SANTO DOMINGO – Entrepreneurs will play an essential role in transforming Dominican society because of their can-do attitude, the deputy minister for development of micro, small and medium enterprises (MSMEs), Ignacio Mendez, said in an interview with EFE in Santo Domingo.
Mendez made his remarks on Friday at an event in the Dominican Republic that is part of Global Entrepreneurship Week 2017.
The Caribbean nation is one of 160 countries that are holding events from Monday, Nov. 13, through Sunday aimed at inspiring millions to engage in entrepreneurial activity while connecting them with potential collaborators, mentors and investors.
Mendez sees entrepreneurs as an engine of change due to their proactive attitude that leads them to “ask less of politicians and rely more on themselves” in handling the problems they face.
He said the MSME sector had made great strides over the past five years thanks to the creation of a National Entrepreneurship Network that provides support to MSMEs and the enactment of an Entrepreneurship Law.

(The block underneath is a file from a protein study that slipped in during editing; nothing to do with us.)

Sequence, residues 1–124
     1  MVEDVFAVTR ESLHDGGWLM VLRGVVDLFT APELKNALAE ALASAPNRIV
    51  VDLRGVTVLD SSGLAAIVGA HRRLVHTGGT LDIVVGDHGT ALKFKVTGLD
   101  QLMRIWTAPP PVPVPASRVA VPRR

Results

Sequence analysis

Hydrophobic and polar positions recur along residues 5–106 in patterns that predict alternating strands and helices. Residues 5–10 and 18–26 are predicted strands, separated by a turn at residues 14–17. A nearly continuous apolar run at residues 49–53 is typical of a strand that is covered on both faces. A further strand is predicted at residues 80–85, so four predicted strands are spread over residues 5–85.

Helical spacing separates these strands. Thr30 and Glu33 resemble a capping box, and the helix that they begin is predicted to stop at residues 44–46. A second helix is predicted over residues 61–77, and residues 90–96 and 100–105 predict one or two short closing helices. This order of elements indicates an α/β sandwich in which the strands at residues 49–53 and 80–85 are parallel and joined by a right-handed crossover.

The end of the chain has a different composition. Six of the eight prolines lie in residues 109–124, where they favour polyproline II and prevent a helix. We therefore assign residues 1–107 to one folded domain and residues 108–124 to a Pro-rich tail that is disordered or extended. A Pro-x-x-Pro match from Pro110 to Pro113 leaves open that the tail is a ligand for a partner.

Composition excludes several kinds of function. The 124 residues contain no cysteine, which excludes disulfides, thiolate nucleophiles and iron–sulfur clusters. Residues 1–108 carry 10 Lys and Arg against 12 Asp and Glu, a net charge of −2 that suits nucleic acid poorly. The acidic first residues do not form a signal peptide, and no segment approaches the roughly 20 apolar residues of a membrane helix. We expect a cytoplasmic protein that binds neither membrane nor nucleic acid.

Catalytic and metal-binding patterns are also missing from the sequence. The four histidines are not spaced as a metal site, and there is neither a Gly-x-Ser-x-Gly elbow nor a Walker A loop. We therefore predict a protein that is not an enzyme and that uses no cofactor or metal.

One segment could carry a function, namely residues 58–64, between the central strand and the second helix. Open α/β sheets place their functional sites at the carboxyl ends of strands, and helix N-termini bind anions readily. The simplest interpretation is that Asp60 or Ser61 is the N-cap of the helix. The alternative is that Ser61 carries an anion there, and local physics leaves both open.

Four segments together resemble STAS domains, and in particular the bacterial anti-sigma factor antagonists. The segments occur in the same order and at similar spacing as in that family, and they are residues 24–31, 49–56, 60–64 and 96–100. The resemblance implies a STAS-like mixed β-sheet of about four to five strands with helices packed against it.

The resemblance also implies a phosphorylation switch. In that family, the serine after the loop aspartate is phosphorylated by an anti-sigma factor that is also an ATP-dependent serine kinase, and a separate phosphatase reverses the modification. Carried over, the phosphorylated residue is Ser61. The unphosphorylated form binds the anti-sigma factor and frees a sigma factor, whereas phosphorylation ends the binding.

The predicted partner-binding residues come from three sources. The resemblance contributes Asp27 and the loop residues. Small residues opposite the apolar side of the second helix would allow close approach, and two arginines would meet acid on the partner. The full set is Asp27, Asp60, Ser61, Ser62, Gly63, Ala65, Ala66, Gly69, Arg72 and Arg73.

This week’s event builds upon that progress and showcases success stories, according to the deputy minister, who said those cases were very important in encouraging people to assume the challenge of entrepreneurship and shatter myths that dissuade new projects from getting off the ground.
The goal is to show that a person “need not be born with a certain last name,” he said, adding that what is important is “the idea and the execution.”
It also is important to show failed attempts at entrepreneurship so people can learn from those mistakes and see that “there may be another opportunity somewhere else and we, the government, have the obligation to provide those alternatives.”
To that end, Dominican entrepreneurs have access to MSME centers that provide consulting on how to execute their ideas, necessary assistance in preparing their financing plan and help with digital and technological tools.
The biggest challenge, however, is to ensure that entrepreneurs develop projects that lead to greater job creation, according to Mendez, who noted that many small businesses generate few employment opportunities.